The island fortress of Suomenlinna, reachable by a ferry, is the site of a brewery and restaurant of the same name, Suomenlinnan Panimo.
Suomenlinnan has been making beer since 1995, but only three years ago did Braumeister Peter Torniainen take over brewing operations. Given that the brewery receives a lot of tourist traffic from Helsinki, I had my suspicions that the beer would be typically touristy (simple, dull, kit beer). To my surprise and delight, Suomenlinnan is producing some of the cleanest and most characterful beers in Finland.
Given changes in equipment, ingredients and people, it may be that Suomenlinnan is much better under Peter’s direction than before. A look at the Ratebeer scores shows recent improvement, but Ratebeer is sadly unreliable for lager and English-style ale ratings, those styles do not translate well for the Western Drinker, the geek looking more for highly-hopped, sweet, ester-forward, stronger Anglo-American and Belgian-style beer. Too bad for them, because Suomenlinnan Pilsner is straight out of Franconia with a rich German pilsner malt core, frothy carbonation, bright lemony German hops and a touch of yeast left in to lend it further creaminess.
Peter gave us a tour of the brewery and eagerly answered our questions about the history of the space, company and his experience in the industry. Most interesting was why Peter seemed to do so well what other people struggle with their entire careers: make astoundingly flavorful, defect-free beer with no bells and whistles to cover errors in technique. It’s easy enough to brew a throw-away Pilsner, hundreds of breweries in Germany do just that. But to make a 4.0-level pilsner, to this picky beer traveler, is a very rare and exciting thing.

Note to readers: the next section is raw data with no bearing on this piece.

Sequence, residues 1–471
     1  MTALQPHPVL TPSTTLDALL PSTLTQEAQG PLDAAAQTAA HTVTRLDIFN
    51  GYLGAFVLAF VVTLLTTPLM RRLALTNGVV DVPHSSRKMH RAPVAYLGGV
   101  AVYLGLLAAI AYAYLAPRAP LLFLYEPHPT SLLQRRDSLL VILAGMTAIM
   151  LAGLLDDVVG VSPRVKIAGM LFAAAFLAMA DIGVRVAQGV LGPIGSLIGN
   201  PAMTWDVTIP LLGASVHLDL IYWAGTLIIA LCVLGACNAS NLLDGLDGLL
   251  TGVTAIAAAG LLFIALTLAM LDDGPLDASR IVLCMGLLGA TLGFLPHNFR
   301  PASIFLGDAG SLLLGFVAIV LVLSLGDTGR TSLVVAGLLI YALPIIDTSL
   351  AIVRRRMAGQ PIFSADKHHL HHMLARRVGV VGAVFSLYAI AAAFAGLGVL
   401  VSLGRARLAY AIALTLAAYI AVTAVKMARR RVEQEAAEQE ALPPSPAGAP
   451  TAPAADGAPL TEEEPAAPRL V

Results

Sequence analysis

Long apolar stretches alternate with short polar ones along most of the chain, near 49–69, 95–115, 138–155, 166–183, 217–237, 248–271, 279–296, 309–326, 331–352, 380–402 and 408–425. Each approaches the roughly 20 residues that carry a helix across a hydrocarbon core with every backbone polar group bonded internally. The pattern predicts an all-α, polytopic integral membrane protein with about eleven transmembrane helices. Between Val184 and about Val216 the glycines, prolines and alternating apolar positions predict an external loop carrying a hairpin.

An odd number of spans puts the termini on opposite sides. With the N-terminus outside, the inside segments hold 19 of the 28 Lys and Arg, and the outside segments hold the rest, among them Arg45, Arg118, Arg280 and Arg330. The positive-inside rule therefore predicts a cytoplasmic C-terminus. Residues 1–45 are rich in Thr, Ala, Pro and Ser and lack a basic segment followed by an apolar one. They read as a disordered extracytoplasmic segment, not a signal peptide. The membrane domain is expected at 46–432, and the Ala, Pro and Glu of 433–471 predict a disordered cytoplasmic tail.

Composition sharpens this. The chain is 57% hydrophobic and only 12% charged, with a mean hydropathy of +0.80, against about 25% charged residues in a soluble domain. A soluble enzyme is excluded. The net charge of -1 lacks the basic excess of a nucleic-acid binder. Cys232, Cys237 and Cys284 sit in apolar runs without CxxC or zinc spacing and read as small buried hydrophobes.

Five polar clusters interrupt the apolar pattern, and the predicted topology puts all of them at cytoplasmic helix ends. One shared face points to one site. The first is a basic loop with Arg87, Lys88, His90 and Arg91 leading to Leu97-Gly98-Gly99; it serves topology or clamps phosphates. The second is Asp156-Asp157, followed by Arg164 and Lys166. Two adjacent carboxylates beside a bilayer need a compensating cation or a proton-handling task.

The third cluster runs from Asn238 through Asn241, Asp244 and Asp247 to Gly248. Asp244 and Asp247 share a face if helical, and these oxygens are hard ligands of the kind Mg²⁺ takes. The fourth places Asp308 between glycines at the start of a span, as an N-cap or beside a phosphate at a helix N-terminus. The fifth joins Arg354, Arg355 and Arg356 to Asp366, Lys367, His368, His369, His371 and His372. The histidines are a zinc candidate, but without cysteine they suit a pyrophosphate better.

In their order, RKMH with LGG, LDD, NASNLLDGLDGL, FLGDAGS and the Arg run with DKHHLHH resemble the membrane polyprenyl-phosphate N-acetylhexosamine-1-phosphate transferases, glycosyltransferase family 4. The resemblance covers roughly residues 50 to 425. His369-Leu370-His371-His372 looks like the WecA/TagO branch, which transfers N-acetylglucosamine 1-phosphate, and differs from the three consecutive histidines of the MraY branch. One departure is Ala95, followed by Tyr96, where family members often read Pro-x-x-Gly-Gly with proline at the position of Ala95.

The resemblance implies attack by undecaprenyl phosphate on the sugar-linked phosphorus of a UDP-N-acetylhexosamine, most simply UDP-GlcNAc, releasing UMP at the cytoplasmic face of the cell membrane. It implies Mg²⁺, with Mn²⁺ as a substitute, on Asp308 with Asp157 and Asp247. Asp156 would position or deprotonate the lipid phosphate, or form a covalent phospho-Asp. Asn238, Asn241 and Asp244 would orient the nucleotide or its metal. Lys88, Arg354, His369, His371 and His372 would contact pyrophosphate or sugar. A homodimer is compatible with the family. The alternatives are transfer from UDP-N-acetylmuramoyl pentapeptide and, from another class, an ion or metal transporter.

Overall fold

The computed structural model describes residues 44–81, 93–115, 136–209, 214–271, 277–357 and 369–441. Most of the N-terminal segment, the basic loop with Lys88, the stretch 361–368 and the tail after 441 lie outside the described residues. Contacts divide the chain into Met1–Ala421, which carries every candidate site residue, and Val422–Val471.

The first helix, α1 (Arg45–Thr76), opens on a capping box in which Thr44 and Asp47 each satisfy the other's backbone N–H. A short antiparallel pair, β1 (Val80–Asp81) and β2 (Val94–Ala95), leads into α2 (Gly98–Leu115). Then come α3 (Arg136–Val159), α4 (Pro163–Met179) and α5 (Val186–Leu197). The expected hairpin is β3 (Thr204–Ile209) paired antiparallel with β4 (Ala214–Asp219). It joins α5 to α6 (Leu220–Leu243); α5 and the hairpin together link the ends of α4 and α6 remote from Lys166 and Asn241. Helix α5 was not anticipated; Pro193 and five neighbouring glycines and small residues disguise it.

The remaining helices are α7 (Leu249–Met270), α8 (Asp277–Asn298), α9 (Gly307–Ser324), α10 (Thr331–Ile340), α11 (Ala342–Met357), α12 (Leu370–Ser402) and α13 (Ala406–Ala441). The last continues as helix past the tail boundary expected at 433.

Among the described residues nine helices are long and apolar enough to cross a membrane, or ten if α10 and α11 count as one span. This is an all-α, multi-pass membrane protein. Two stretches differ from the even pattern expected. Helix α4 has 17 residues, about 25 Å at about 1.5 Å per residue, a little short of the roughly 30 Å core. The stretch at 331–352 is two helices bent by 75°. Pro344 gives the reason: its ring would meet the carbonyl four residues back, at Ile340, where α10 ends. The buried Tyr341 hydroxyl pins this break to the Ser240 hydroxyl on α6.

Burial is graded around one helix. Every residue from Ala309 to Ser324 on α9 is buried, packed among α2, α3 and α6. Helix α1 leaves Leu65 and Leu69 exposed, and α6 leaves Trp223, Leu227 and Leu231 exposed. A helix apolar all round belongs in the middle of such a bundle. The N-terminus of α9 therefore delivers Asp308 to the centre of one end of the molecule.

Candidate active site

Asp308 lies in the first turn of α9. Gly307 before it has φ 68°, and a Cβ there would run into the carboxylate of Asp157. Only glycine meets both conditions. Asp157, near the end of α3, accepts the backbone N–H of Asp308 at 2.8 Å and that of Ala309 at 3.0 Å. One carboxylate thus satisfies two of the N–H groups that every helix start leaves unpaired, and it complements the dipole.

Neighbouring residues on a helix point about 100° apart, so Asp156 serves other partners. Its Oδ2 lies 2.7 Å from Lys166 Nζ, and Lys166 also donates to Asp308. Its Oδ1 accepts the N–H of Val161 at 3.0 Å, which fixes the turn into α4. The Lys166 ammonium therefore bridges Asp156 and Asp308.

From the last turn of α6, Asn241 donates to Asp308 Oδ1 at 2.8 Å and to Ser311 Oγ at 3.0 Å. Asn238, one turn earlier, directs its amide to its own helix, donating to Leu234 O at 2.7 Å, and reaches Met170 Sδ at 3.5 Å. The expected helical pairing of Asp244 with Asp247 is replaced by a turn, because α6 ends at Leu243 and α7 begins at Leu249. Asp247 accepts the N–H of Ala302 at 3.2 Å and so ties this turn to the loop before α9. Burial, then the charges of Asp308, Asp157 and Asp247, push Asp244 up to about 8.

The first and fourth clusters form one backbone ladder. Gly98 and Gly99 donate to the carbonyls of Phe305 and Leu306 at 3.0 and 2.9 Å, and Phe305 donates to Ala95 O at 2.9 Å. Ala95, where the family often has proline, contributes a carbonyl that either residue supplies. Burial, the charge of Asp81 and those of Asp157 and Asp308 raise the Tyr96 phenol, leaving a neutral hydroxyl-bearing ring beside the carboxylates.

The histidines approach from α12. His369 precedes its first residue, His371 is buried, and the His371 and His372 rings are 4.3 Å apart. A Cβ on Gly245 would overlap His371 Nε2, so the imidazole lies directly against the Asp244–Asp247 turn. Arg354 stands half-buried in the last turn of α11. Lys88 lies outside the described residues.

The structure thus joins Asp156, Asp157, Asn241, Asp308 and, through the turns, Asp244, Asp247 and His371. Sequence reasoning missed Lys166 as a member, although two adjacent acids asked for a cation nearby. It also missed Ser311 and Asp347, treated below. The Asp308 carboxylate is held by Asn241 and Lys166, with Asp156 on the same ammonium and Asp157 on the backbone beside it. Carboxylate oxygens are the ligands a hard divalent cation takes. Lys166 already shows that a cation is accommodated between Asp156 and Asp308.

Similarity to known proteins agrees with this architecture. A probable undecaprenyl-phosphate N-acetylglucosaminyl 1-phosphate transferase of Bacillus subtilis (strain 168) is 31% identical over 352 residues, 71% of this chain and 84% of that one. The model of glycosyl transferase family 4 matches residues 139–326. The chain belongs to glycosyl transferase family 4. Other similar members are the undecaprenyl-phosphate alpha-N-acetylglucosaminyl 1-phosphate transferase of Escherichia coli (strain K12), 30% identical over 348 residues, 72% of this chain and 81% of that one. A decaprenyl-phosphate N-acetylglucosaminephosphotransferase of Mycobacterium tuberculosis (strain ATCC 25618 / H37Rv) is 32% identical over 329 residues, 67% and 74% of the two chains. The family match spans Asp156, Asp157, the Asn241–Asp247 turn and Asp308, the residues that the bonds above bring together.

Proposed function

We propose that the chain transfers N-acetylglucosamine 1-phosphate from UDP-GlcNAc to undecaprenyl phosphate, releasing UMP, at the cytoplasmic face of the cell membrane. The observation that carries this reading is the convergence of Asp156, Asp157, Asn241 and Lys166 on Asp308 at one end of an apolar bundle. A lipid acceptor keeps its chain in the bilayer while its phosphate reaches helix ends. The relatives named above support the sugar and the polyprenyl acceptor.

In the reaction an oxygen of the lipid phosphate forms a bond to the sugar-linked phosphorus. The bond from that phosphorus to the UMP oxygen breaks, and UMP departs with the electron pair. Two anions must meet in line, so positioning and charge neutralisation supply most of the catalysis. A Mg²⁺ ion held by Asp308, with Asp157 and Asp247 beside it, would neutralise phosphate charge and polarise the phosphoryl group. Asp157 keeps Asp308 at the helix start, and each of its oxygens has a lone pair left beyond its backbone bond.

For Finnish beer, everybody knows of Koff Porter. Plevnan and Huvila and Stadin and the Beer Hunters are what you see in pubs. They are sexy right now. But Suomenlinnan is killing them all with these soft-textured, balanced, flavorful beers. The fact that they are overlooked because the brewery and brand are old new is a shame. It may take beer travelers to truly appreciate something the Helsinki natives find run of the mill.
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For this beer traveler, I couldn’t ask for anything better: well-made beers of German and English influence with no fruit additions, spirit barrel treatments or anything else unnecessarily added.
That’s not entirely true. There are some experimental batches of beer being made on the island, though still not the kind of beer for which the geeks go nuts. Self-sourced spruce rye beer produced for local eatery Ravintola Ainosta, and a centuries-old recipe dated to Sweden’s King Gustav III.
Don’t take the ferry over simply for the brewery. Suomenlinnan island offers a few kilometers of walking paths through historical remnants of the fortress infrastructure and offers a number of interpretative centers, museums and even a prison for your visit.